Doug's away for a bit, leaving me with keys to the Yugo. Whee!
This is some sort of holy week -- but what week isn't? -- so let me continue with my occasional posts about the joy of sects. This time, the Baptists.
The first World Baptist Congress was held in London in 1905, leading to the formation of the World Baptist Alliance. Doctrinally, Baptists have traditionally been against hierarchy -- the current Southern Baptist Convention would be like a steel rasp on Roger Williams' teeth -- and so the Congress met in a spirit of egalitarian fellowship. The next convention was held in 1911, in Philadelphia; the third, in Stockholm in 1923; the fourth, in Toronto in 1928.
The fifth was held in Berlin. August 4th through August 10th, 1934. A vintage season. Two days after the death of President Hindenberg, two weeks after the assassination of Austrian chancellor Dollfuss, and a little over a month after the bloody purge of the SA, the Night of the Long Knives.
Needless to say, reactions to the new Germany were mixed among the American attendees. Former Southern Baptist Convention president George W. Truett, who conducted camp meetings for cowboys in west Texas every summer for nearly forty years, "introduced a hotly debated peace resolution which urged governments to surrender whatever national sovereignty necessary to establish an international authority for peace in the world." On the other hand, the Southern Baptist Convention's then-current president, pioneer radio preacher Monroe Elmon Dodd of Louisiana, had a different take:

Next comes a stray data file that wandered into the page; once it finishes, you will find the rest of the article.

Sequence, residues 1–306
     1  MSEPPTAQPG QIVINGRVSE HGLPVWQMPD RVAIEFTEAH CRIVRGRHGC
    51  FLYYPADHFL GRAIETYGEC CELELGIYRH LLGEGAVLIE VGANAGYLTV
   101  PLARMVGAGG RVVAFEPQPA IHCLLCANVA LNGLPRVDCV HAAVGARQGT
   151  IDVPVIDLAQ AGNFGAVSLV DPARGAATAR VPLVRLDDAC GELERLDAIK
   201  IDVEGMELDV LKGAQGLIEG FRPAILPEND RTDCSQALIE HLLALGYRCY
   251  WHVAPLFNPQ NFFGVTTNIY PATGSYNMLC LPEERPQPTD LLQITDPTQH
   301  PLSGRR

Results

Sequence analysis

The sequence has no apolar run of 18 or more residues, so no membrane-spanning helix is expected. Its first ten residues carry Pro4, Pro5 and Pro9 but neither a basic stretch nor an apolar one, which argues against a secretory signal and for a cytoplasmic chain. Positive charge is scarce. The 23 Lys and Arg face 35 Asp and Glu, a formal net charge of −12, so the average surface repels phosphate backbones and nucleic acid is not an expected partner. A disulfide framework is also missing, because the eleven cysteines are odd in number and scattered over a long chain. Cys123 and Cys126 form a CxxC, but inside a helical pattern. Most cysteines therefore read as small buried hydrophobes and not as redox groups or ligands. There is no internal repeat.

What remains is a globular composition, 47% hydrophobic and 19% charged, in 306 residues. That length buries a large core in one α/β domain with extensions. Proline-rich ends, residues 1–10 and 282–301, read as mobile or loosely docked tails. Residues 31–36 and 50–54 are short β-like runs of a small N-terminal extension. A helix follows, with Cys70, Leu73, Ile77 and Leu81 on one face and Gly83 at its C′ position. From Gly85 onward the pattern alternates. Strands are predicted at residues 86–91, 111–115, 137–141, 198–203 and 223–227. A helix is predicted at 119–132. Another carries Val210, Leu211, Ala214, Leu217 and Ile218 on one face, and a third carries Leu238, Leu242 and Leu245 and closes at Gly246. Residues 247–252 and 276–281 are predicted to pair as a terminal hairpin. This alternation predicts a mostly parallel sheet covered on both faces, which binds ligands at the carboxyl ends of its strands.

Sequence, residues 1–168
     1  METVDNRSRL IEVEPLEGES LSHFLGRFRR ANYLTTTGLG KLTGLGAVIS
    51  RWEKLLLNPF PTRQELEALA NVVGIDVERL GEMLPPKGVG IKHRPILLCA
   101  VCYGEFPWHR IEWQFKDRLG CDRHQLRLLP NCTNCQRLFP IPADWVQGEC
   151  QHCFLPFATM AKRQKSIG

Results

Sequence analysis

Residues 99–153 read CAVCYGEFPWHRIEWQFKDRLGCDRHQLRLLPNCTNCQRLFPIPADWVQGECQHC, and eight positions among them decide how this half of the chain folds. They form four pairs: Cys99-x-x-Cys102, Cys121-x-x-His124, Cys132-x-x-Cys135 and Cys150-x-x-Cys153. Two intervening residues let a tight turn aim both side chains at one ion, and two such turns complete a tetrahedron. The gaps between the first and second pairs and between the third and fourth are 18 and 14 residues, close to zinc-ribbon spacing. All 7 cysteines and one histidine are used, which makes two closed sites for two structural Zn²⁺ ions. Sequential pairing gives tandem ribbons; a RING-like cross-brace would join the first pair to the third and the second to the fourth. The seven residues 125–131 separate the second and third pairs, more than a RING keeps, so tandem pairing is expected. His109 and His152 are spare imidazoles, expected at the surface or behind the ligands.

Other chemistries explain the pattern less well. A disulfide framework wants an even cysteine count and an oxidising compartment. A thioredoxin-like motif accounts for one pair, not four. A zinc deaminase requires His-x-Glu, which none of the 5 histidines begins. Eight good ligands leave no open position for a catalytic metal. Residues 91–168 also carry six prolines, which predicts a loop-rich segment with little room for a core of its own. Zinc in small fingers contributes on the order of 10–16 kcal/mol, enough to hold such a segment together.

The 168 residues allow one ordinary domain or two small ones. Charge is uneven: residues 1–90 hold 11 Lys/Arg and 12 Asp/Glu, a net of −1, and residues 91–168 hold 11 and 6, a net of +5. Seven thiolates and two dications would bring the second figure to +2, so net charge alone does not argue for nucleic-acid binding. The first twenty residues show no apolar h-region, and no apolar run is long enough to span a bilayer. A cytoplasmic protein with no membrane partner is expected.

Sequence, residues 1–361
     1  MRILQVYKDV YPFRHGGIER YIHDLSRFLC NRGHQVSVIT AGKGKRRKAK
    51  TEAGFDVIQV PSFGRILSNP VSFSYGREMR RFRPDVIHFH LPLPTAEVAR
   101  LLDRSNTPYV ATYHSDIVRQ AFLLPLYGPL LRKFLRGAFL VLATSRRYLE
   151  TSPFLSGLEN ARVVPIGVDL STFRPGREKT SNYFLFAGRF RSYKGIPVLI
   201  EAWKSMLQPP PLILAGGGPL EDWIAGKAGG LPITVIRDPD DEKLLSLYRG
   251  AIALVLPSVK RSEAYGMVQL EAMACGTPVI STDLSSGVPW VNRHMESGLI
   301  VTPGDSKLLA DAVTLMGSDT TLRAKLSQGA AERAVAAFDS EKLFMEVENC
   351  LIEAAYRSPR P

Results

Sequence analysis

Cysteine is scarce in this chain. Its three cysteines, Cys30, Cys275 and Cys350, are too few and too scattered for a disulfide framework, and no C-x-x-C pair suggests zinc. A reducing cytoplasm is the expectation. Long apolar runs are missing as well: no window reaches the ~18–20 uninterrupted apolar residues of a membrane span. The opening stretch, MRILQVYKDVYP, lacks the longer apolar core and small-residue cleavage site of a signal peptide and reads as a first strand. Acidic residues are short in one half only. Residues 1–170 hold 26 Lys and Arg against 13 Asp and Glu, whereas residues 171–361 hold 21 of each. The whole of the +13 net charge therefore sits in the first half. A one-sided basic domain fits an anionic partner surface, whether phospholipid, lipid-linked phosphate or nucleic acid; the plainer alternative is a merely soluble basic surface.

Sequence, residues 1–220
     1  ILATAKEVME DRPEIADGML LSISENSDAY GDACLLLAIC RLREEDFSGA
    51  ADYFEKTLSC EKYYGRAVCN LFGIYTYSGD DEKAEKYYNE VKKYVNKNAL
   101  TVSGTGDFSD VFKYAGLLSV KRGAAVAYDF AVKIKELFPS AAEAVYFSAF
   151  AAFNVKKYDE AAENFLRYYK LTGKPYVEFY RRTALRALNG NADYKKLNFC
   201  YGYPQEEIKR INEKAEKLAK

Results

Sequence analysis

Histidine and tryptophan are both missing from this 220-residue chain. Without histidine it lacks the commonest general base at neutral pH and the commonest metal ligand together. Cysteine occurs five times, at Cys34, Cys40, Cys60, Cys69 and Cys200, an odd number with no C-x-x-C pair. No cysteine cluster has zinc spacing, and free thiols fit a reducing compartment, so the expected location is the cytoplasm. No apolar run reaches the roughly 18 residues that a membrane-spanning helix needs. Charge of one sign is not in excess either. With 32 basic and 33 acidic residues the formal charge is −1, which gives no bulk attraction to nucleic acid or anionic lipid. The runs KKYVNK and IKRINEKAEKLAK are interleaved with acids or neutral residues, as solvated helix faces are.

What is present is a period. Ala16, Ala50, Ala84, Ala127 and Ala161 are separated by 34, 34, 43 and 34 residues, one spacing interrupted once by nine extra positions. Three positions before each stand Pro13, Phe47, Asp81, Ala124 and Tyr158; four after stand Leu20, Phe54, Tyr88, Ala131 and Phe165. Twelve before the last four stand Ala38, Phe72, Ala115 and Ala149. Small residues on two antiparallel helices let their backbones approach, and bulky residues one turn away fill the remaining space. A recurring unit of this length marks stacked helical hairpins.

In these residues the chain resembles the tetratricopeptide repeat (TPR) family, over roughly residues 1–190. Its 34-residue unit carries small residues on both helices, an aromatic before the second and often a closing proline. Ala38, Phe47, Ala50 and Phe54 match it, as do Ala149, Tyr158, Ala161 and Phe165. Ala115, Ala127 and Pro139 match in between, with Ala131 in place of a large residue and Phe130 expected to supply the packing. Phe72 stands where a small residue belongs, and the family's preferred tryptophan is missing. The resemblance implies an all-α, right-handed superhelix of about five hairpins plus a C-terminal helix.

Since the war some 200,000 Jews from Russia and other Eastern places had come into Germany. Most of these were Communist agitators against the government... [While Jews] were not to be blamed for the intelligence and strength, so characteristic of their race, which put them forward, [they used their abilities] for self-aggrandizement to the injury of the German people.And a Boston Baptist was pleased:
It was a great relief to be in a country where salacious sex literature cannot be sold; where putrid motion pictures and gangster films cannot be shown. The new Germany has burned great masses of corrupting books and magazines along with its bonfires of Jewish and communistic libraries.
(Quotes taken from William Loyd Allen's fascinating 1982 article, "How Baptists Assessed Hitler", found here.)
One man in particular at the Congress seems to have been transformed by his experiences in Germany. It might be possible to catch a glimpse of him filtered through that week's Time magazine:
Treasuring a written promise of freedom of speech from Dr. Paul Joseph Goebbels, the Baptists talked about nationalism, war & peace, separation of Church & State. A U. S. Negro heading a delegation of 30 black Baptists was all primed to present a resolution on racial equality.In attendance was the Reverend Michael King of Ebenezer Baptist Church in Atlanta, Georgia... known after his return as Martin Luther King, Sr.